Sanjay Gupta: The normal cardiac function wasn’t true.

Dick Cheney: I’m not responsible for that. I didn’t know what took place between the doctors.

Sanjay Gupta: This idea that you have this respected heart surgeon from Texas who didn’t see you, didn’t examine you, and then writes something saying that you have normal cardiac function. That just wasn’t true, Mr. Vice President.

Dick Cheney: Go ask Denton Cooley about that.

Sanjay Gupta: But sir, you saw it.

Dick Cheney: Listen to me, I think the bottom line is: was I up to the task of being vice president? And there’s no question. I think based upon the fact that I did it for eight years that they were right.

Sanjay Gupta: How were they able to say that you were able to do the job?

Dick Cheney: The way I look at it Sanjay is that first of all, I didn’t seek the job. The president came to me and asked me to be his vice president. The party nominated me. The doctors that consulted on it reached a common conclusion and the people elected me. Now what basis do I override the decision making process? Do you want to have an offshoot where we come check with Sanjay Gupta and say, “Gee, is he up to the task?” That’s not the way it works.

Cheney’s reply is not out of character for a man who answered, “So?” when he was told that Americans had lost confidence in the war on Iraq. After all, the poor guy couldn’t overrule those doctors with the truth; that’s just silly (/s). Instead, Cheney wanted to talk about his new book, which is also about his new heart. After surgery, when told the new heart was working great, his first words were “Hot damn.”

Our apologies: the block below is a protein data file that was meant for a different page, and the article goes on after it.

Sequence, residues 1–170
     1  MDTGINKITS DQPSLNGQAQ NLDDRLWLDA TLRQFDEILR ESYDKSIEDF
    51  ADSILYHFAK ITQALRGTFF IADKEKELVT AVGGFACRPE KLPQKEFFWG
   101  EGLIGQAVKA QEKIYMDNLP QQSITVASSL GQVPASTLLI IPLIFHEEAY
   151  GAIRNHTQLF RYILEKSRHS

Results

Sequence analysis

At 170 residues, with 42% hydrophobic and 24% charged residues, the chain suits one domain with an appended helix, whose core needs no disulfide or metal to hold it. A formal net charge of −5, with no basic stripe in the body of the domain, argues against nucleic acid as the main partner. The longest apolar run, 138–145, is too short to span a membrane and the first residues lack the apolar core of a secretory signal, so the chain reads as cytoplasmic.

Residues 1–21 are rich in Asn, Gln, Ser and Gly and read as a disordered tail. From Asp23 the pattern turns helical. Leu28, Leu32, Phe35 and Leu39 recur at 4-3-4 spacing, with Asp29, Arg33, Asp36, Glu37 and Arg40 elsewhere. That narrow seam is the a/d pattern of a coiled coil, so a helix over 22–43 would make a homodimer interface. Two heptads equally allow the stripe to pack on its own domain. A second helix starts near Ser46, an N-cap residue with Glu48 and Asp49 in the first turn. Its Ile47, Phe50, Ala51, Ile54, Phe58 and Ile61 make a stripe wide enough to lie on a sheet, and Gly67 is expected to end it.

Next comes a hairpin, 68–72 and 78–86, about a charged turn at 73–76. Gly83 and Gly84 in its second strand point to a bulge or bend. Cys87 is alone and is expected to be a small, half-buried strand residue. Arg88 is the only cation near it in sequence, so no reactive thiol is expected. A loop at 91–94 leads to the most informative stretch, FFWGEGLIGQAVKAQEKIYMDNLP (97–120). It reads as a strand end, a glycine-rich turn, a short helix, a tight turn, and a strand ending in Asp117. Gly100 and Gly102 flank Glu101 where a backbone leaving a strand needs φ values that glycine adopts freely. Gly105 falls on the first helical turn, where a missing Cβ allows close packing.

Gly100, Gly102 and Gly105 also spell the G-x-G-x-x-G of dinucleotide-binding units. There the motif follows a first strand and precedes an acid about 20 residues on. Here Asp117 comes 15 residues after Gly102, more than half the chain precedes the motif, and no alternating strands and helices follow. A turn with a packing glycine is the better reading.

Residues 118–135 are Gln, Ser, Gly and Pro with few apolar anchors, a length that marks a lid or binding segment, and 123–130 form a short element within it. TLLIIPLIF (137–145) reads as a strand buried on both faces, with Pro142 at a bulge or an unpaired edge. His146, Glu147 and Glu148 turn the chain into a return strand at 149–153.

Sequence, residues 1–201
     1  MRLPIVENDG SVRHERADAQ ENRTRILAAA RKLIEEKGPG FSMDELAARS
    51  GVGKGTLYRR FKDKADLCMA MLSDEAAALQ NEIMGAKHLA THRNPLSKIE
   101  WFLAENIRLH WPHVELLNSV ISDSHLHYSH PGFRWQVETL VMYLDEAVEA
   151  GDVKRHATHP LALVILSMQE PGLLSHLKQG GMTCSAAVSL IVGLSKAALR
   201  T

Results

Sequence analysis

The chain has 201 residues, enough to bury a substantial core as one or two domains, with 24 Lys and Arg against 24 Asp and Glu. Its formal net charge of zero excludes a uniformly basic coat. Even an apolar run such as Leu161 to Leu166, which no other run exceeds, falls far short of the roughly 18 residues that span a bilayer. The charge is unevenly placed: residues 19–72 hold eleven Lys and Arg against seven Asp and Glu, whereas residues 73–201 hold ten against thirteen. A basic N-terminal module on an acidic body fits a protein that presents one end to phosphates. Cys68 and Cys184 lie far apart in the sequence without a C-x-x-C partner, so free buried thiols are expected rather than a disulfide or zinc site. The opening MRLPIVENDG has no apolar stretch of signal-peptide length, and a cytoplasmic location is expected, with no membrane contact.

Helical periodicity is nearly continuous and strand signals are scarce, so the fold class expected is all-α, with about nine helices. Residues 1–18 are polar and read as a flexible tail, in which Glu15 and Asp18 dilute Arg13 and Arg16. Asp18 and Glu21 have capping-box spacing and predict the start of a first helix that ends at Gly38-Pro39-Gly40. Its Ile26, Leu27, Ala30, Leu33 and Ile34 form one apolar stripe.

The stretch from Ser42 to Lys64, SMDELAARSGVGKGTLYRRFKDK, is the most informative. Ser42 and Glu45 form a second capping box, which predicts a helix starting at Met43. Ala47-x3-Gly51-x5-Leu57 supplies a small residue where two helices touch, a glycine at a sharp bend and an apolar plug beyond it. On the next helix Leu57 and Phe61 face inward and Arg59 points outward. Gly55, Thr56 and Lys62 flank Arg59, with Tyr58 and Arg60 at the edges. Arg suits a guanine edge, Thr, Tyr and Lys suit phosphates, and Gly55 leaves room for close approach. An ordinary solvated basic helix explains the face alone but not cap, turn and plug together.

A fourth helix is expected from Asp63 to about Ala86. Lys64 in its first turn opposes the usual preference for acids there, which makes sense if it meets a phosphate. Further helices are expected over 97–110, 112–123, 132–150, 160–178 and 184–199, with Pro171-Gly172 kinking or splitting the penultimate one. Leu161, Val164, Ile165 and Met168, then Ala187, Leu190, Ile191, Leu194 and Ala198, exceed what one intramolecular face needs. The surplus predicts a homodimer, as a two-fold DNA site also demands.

Comments on the interview ranged from high praise for Cheney, to outrage about an interview to help a “war criminal” sell a book. It’s a bit surprising that commenters were seemingly unconcerned about potentially being waterboarded, being put under increased domestic surveillance, or possibly under Secret Service scrutiny. But maybe that is because Cheney ended the interview on an uncharacteristically warm-fuzzy note.

Dick Cheney: You wake up every morning with a smile on your face because you’ve got a new day you never expected to have. And there’s a sense of wonderment. Nothing short of magical.

Sanjay Gupta: You know, magical, wonderment, your words. Those aren’t words you typically hear, or expect to hear from you…

Dick Cheney: Like Darth Vader. Well, those are the words I choose to describe it.

If you are so inclined, you can watch the 60 Minutes interview, read the transcript, or check out the commenters’ words to describe the new and improved Darth Vader Cheney.

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ms smith

Ms. Smith (not her real name) is a freelance writer and programmer with a special and somewhat personal interest in IT privacy and security issues. She focuses on the unique challenges of maintaining privacy and security, both for individuals and enterprises. She has worked as a journalist and has also penned many technical papers and guides covering various technologies. Smith is herself a self-described privacy and security freak.